Sir Francis Reginald Wingate is now best known as the uncle of Orde Wingate of Second World War fame, but in his time Reginald was the more important of the two. Early in his military career he took part in the unsuccessful attempt to rescue General Gordon at Khartoum. He spent the next thirty years in public service, taking part in the campaign that finally defeated the Dervishes, before spending two decades as the ruler of the Sudan.
He was in an unusual position during this period, serving as Sirdar (commander) of the Egyptian Army and Governor-General of the Sudan, which was officially ruled jointly by Britain and Egypt. In 1916 he played a major role in the Arab Revolt, supporting the rebels across the Red Sea. He was then promoted to High Commissioner of Egypt, a post he held until 1919 when he was rather unfairly removed from office after accurately reporting on the rise of Egyptian nationalism.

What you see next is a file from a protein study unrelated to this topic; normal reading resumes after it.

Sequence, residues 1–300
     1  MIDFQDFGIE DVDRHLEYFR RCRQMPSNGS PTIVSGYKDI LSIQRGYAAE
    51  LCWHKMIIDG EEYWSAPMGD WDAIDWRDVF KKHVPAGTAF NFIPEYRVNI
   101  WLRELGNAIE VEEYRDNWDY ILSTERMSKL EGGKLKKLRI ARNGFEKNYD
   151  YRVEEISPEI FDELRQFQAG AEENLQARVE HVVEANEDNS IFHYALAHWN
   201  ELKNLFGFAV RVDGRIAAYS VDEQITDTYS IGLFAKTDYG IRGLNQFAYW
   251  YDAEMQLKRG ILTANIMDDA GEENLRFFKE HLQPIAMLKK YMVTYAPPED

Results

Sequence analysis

There are some moments where the author's personal opinions are a little too much to the fore (including some odd moments about the English and his views on the Arab-Israeli conflict). These don't detract from the overall text, and this is a well written biography of an important figure at the high point of the British Empire. The author takes us into Wingate's world, one of service to the Empire tempered by his genuine desire to help the people of the Sudan.
1 - Early Life (1861-1885)
2 - Intelligence Officer (1886-1899)
3 - Omdurman and Fashoda (1898-1899)
4 - Governor General and Sirdar (1899-1917)
5 - World War
6 - The Arab Revolt (1916)
7 - High Commissioner of Egypt (1917-1919)
8 - Peace at a Price (1919-21)
9 - Private Citizen and Businessman (1921-29)
10 - Orde Wingate: A Family Affair
11 - Wanderers (1930-1945)
12 - Final Years (1946-1953)
Appendix I: Declaration of Martial Law in Egypt
Appendix II: Turkish Propaganda Leaflet
Appendix III: McMahon-Hussein Letter (excerpt)
Author: R J M Pugh
Publisher: Pen & Sword Military